“While they were there, the time came for the baby to be born, and she gave birth to her firstborn, a son. She wrapped Him in cloths and placed Him in a manger, because there was no room for them in the inn.”
It seems to me that this time of year brings out the best, and paradoxically the worst, in people. It can bring out the best because it is a time of year when many people perform acts of kindness and generosity they might not otherwise do. Of course we celebrate Christmas by giving gifts to our friends and families, but often we also give to those we don’t know, either through charities or churches or just giving something to the homeless guy on the streetcorner. It is a time when many families come together, hopefully lay aside the usual petty differences that can arise within families, and celebrate Christmas together. But it can also be a time when tempers flare in the malls or in traffic, when rudeness and impatience and greed take over. A time when some people get judgemental when seeing how their family member has set the table or the neighbor has decorated their house. And it can be a time when a lot of well meaning people argue over what Christmas is and what it should be, and even whether it should be celebrated at all.
There are so many arguments out there online over this and that aspect of Christmas that I’m not going to rehash it here. Yes, it is primarily a religious holiday, and to many people who are atheists or Muslims or whatever they repudiate it as something religious being forced upon them; if seeing a manger scene in someone’s yard offends you, then don’t look, go home and shut your eyes for a month. But it seems to me that most of the harshest arguments are between two people or groups who both claim Christ and can’t resist the temptation to argue over various aspects of Christmas. Yes, no one really knows on what date Jesus Christ was born, no matter how brilliant a case they can make in support of one date or another. Yes, there have been a lot of pagan influences from Northern Europe that have been incorporated in the celebration of the birth of the Savior; so do what I do, don’t practice them. Yes, in the last century especially there has been a great deal of commercialism and avarice and materialism come into what should be a humble and peaceful time. But should we reject the holiday completely because there are flaws in how or when it is celebrated? No.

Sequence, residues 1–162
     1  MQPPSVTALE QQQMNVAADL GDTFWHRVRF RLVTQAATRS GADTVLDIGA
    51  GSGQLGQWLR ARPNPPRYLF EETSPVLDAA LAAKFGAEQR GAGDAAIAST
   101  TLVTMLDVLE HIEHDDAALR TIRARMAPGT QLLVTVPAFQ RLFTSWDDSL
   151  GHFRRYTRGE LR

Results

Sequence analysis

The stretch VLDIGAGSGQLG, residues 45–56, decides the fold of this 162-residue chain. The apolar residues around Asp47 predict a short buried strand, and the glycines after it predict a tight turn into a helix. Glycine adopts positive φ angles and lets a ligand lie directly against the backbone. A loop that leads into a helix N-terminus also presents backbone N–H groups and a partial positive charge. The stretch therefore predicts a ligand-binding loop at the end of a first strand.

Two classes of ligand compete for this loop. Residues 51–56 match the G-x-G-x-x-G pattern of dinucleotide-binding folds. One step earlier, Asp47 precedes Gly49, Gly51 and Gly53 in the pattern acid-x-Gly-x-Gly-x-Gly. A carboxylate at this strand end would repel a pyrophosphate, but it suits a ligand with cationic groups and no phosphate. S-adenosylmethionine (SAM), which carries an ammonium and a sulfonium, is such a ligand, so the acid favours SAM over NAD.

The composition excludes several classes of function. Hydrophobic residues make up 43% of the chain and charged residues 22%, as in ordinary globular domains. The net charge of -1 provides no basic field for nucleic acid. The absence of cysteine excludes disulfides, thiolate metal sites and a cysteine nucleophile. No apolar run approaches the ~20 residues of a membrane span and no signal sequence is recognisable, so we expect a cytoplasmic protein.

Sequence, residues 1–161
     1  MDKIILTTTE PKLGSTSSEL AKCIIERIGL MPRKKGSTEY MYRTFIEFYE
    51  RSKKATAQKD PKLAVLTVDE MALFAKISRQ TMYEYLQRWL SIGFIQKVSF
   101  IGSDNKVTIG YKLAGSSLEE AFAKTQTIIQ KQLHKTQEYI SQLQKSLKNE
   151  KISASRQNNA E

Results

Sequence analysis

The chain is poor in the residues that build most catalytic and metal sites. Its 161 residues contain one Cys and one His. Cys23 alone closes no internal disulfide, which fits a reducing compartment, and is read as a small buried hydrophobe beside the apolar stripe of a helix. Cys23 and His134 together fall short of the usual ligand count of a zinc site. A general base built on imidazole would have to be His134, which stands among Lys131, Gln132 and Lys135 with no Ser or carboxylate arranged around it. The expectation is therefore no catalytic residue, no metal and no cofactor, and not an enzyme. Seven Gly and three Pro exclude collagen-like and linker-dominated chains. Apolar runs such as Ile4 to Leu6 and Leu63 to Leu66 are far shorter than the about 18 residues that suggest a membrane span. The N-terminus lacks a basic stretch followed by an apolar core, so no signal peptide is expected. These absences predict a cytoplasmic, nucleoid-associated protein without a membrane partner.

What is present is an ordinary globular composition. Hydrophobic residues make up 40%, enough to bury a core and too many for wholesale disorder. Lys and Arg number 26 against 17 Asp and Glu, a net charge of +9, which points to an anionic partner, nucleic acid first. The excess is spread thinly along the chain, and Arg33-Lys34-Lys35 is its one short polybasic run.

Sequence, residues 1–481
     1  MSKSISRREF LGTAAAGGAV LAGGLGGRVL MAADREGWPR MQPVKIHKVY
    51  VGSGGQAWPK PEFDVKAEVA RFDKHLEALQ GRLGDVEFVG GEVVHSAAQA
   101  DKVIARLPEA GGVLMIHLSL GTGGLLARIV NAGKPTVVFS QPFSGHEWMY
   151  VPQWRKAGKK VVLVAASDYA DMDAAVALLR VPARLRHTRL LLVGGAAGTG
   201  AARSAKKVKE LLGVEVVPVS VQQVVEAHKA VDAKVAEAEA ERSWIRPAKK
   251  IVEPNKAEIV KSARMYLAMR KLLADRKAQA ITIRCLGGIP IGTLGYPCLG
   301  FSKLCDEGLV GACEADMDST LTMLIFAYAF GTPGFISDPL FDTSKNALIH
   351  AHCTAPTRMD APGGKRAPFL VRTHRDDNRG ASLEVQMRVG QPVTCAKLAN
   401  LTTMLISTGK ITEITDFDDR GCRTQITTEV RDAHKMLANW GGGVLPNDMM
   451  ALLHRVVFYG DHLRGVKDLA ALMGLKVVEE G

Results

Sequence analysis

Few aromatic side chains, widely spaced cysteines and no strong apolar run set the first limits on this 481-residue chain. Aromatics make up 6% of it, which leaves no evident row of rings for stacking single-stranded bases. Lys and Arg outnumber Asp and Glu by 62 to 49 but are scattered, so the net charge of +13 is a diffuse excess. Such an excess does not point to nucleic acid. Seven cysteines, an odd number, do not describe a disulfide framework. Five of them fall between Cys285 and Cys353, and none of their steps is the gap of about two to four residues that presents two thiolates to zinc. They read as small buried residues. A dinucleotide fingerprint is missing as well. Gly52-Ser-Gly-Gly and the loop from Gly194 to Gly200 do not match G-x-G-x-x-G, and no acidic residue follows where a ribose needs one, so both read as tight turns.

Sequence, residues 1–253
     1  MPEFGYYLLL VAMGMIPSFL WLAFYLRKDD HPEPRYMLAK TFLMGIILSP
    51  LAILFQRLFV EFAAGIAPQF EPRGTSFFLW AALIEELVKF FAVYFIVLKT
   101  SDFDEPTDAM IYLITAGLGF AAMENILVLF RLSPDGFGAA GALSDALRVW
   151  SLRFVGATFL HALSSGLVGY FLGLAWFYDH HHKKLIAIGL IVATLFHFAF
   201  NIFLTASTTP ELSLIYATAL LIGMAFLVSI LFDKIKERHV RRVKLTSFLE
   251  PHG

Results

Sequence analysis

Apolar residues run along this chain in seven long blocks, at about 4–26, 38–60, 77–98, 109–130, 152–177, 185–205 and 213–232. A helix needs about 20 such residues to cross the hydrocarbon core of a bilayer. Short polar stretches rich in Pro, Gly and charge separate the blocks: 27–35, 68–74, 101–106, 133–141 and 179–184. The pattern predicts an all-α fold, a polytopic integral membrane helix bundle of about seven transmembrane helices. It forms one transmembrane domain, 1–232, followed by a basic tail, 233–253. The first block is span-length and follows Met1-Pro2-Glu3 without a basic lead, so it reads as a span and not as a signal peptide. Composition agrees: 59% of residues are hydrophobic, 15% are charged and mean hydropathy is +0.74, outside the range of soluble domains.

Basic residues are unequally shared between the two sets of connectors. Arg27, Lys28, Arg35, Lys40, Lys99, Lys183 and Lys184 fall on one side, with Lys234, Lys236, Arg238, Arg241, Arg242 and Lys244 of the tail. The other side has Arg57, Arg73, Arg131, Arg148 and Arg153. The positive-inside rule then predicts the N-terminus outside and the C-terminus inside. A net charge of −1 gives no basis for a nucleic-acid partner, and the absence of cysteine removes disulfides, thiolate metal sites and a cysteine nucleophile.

The entire, sole reason why people began to celebrate this as a holiday was to commemorate the birth of our Lord and Savior, Jesus Christ. In that manger 2,000 years ago lay the perfect union of God and man, who came into our dirty, wicked world to pay the penalty of our sins so that we imperfect, sinful mortals could receive the gift of eternal life through Him. That’s all, but then it was more than enough. Another name given to Christ in the Bible is Immanuel, which translates as “God Among Us”. He entered our world because He loved us too much to allow us to march blindly to our destruction without an exit ramp. Personally, I believe that the more important event was the death of Jesus on the cross, for that is when He atoned for our sins. His resurrection was a close second, for it is the sign to all of us that He had defeated sin and death for good. But for Him to have led a sinless life to pay for our sins at Calvary He first had to be born, and that is why we celebrate Christmas.
So let’s stop arguing over this point and that point and just celebrate the birth of our Savior. The date doesn’t matter; the fact of His birth does. Stop tearing each other down and start building each other up. And if you don’t believe in Jesus as Lord and Savior, please resist the temptation to revile those of us who do. Love one another, as Jesus told us to do. Be kinder and more patient. Be a bit more restrained in how much load you dump onto your credit cards. Argue less. And consider, even if only for a moment, the reality that on what was possibly a cold winter night in Bethlehem during the reign of Caesar Augustus, a child was born that was the union of the mortal with the immortal, of the created with the Creator. Consider the possibility that was true and not a myth. Try not to remove Christ from Christmas, for without Christ, what difference would it all make?
Merry Christmas to you in the name of our Lord and Savior, Jesus Christ.